• Help your child see the things that they can control
  • Accept your child will be overwhelmed and exhausted so allow ‘down time’
  • Don’t make promises
  • As well as discussing what will be different, make time to talk about the things that will be the same
  • Set some ‘what if’ questions and make sure they know who to go to if they need these answered at school. Some resources to help you make these can be seen here
  • Reduce change and disruption at home and try to keep a calm routine after school
  • Teach relaxation and visualisation skills

What will school look like?

  • Start and finish times may be staggered to avoid contact with other families
  • A possible change of location for drop off and pick up
  • You may need to leave siblings with a family member if possible to avoid congestion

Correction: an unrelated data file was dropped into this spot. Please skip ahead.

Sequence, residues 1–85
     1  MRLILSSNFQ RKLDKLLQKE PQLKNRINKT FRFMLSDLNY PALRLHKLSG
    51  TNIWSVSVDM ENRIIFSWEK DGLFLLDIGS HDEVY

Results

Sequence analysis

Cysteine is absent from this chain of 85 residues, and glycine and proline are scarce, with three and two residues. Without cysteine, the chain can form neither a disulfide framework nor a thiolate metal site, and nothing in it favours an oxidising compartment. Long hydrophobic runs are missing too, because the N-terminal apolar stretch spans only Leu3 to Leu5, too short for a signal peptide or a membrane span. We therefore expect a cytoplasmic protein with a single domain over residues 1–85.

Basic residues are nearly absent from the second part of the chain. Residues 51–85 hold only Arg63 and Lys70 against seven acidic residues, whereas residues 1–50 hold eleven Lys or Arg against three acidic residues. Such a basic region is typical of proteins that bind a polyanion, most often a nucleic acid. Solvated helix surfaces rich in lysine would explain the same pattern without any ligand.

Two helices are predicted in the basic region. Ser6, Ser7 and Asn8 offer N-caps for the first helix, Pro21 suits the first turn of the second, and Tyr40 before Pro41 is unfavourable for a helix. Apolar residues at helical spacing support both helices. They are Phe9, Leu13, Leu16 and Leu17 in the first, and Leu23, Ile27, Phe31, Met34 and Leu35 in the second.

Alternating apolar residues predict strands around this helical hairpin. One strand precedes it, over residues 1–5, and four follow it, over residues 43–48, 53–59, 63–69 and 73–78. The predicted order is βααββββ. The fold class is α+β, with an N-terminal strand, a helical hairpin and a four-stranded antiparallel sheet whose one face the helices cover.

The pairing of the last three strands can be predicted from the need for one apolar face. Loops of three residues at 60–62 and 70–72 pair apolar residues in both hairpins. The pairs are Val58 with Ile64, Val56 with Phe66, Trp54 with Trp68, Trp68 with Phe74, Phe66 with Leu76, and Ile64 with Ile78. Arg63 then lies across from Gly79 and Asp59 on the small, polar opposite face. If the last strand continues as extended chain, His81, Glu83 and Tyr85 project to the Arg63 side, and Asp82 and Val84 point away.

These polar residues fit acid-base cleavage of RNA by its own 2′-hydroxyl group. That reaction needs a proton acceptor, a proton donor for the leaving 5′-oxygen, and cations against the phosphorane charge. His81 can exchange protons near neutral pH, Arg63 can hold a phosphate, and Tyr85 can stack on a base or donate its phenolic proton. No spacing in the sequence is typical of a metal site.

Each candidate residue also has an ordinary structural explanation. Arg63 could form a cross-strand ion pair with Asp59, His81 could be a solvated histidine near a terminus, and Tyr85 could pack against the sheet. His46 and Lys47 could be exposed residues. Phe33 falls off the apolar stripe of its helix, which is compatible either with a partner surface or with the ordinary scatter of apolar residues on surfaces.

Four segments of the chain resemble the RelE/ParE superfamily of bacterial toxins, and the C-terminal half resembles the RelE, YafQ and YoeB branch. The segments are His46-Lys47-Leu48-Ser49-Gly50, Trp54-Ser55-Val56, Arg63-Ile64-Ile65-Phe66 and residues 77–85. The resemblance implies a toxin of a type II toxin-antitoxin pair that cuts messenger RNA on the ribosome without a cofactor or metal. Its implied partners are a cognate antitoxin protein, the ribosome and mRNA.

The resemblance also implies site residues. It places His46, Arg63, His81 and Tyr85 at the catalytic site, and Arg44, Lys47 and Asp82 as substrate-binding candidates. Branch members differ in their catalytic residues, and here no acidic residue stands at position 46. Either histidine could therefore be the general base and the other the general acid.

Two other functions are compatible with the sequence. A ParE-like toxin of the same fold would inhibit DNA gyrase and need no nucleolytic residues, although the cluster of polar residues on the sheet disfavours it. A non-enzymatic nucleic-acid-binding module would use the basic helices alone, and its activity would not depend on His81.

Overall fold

• Your child may be welcomed by a different member of staff to their usual teacher
  • Your child may not be in a class with their friends and may be on a desk on their own
  • Your child will have to practice social distancing with their peers and teachers
  • Class sizes will be smaller
  • Morning and lunch breaks will be staggered and at different times
  • There may well be a one-way system in the corridors
  • The classroom may look different with a different table and chair lay out and they may have access to limited resources
  • Teachers and possibly children may be wearing masks
  • Windows will be kept open with a massive emphasis on keeping everything clean
  • You may be asked to provide your child with a clean set of clothes each day